Ujjayi Breath // Ocean Breath
Just as Downward dog is one of many asanas (yoga poses), Ujjayi breath is one of many Pranayama, or breathing, techniques.
Ujjayi, rooting in Sanskrit, translates to victorious breath. Commonly referred to as Ocean Breath, from the sound the technique creates when practiced properly.
In the Gheranda Samhita (very ancient and important yoga text that you will probably never hear about again), it is stated that Ujjayi breath allows one to be victorious over decay and death. What a claim for a fancy breathing technique, huh? I think the term “results may vary” fit in here.
When practiced correctly, Ujjayi breath creates a gentle constriction at the opening of the throat, forming a resistance to the passage of air. Sounds a tad counterintuitive, I know. The soft constriction creates a gentle pull of breath on inhalation and a steady, relaxed push on exhalation. The sound becomes soothing and rhythmic, comparable to the gentle crash of waves rolling in and out.
Why Practice Breathing at All?
I mean, our body does it automatically right? Why use 2 people for a 1 person job?
This question is really quite broad and deserves a much longer, evaluated and in-depth answer. For the sake of providing an article as opposed to a novel, I provided the explanation below.
Breath, just like strength or flexibility, is a physical endeavor. You learn and develop your mind-body connection over time, growing stronger and more effortless in your pursuit.
Breathwork gives the practitioner immediate feedback. Quick and shallow breathes indicate stress, anxiety, and distraction. While slow and deep rhythmic breaths indicate relaxation and focus. Breathwork requires the mind and body to share a common task, creating a deeper, one-pointed meditation.
By some, maintaining a steady and rhythmic breathing pattern is considered a priority during and outside of the asana practice. By controlling the breath, the mind becomes calm and the practitioner’s awareness is brought into the present moment.
This awareness is everything. With our eyes closed we remain completely aware of the near and far. This effortless awareness is the heart of yoga. It is believed (and supported to a level by science) that the conscious practice of breath control improves the practitioners physical, mental, emotional, and spiritual wellbeing.
Ujjayi Breath is practiced to
Increase Flow of Energy
Pranayama Techniques, including Ujjayi Breath are used to cleanse the nadis, or energy channels of the body.
As a technique of Pranayama, the expansion of vital energy force, Ujjayi breath allows more prana (vital energy) to enter and flow freely through the mind and body. Helping the body overcome fatigue, stress, and negativity.
Steady breath control empowers and assist’s the practitioner in becoming, and remaining, grounded in their yoga practice.
Ujjaya Breath at first requires one pointed focus, but soon brings about steadiness of the mind and breath. Creating a deeper focus, bringing the practitioner to a meditative state.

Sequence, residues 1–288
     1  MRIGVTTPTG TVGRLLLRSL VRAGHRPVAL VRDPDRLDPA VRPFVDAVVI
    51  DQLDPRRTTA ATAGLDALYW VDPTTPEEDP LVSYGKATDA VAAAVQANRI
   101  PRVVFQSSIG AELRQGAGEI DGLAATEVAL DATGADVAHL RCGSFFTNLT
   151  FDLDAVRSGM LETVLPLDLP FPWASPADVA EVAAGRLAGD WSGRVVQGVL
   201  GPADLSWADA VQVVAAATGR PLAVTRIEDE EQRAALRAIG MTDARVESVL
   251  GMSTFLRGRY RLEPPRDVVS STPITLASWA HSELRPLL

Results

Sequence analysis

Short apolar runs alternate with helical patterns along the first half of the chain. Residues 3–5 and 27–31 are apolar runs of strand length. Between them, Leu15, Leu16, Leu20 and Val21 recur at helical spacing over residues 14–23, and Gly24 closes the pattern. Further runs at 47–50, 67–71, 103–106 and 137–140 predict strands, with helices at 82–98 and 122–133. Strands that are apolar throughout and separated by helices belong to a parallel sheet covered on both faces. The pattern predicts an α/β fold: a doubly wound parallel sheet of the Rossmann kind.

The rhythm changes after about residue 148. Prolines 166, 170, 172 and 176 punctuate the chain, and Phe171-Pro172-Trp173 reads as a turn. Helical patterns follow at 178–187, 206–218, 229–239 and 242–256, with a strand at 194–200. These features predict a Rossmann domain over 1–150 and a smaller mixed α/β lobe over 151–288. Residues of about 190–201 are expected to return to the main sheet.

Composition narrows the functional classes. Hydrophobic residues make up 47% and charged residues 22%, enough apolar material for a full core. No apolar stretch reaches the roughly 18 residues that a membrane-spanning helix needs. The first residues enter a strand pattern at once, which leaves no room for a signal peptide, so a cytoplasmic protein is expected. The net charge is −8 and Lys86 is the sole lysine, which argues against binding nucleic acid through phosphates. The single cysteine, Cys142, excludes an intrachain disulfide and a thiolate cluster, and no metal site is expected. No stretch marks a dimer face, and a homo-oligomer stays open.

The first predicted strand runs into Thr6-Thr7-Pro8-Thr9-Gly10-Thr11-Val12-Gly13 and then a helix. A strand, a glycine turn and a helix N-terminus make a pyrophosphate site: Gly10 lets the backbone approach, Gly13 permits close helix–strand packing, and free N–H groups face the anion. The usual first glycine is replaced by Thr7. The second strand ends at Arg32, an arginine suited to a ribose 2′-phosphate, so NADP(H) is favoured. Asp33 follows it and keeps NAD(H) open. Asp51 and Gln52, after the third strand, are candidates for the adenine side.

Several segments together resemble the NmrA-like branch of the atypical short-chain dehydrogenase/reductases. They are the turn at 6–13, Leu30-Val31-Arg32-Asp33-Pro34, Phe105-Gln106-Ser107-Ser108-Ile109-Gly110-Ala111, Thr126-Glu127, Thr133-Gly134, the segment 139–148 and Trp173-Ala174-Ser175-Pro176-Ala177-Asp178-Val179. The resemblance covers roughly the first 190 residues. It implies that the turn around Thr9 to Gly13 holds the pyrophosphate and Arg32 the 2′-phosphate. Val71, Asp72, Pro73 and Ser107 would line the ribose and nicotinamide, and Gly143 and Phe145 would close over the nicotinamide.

When Ujjayi Breath is practiced with asanas the practitioner creates a stronger awareness. Poses, specifically the flow between them, becomes effortless. The practitioner syncs the breath to movements, finding a stronger balance and concentration.
Becoming absorbed in Ujjayi Breath allows the practitioner to remain in poses for longer periods of time. Whether it’s used dynamically in a flow of various poses or held steady in one, relaxed meditative pose.
Relieve physical and emotional strain
Deep breathing techniques create longer and slower breaths, strengthening the lungs and diaphragm.
The practice of Ujjayi Breath creates heat in the body and stimulates the vagus nerve, creating an overall calming effect on the body and nervous system.
Ujjayi breath creates heat in the body. This heat releases tension from the muscles and creates an overall calming effect.
I, like many of you, am a fan of cold-hard facts in the form of short YouTube videos. You can Click here for a video by Johns Hopkins Rheumatology that briefly describes the science of health benefits gained through breathwork.
How do I practice Ujjayi Breath?
Sit in any comfortable position with your eyes closed. Don't be afraid to set the scene. Light a candle or turn on the diffuser. Open a window if you are blessed with the serene sounds of nature, otherwise put on a calming playlist or find a quite space. Make sure all your senses are satisfied and happy.
Bring awareness to the breath. Inhaling and exhaling through the nostrils. Allowing time for the breath to become rhythmic and effortless.
When natural breath has been achieved, transfer awareness to the throat. Feel or imagine the breath being drawn in and out through the throat, rather than nostrils.
As the breathing becomes slower and deeper, gently contract the glottis to produce a soft snoring sound. Like a sleeping baby. Both inhalation and exhalation should be deep, slow, and controlled. Creating a pleasing sound that is unhurried and unforced and audible to the practitioner alone.
Begin with 10 breaths, and as you become more comfortable in the practice, increase to 5 minutes.
Once you feel comfortable in your Ujjayi Breath practice, it can be applied dynamically into our practice. Finding challenge and growth as we maintain the same relaxed quality of breath throughout asana practice.
If this is all new to you, it will take a few try's. Keep in mind that comfort and relaxation are key.
Ujjayi Breath is a practice. It takes time to grow and flourish. Focus on comfort and developing your own personal, organic practice.
Ujjayi breath is a technique that can be practiced alone or incorporated into the physical practice of yoga.
At the end of the day, any part of yoga becomes unique to the practitioner. We are constantly learning new techniques and allowing to flourish freely in our lives. Just as a flower grows to the size of its pot, we grow to the size of our soul. Keep expanding.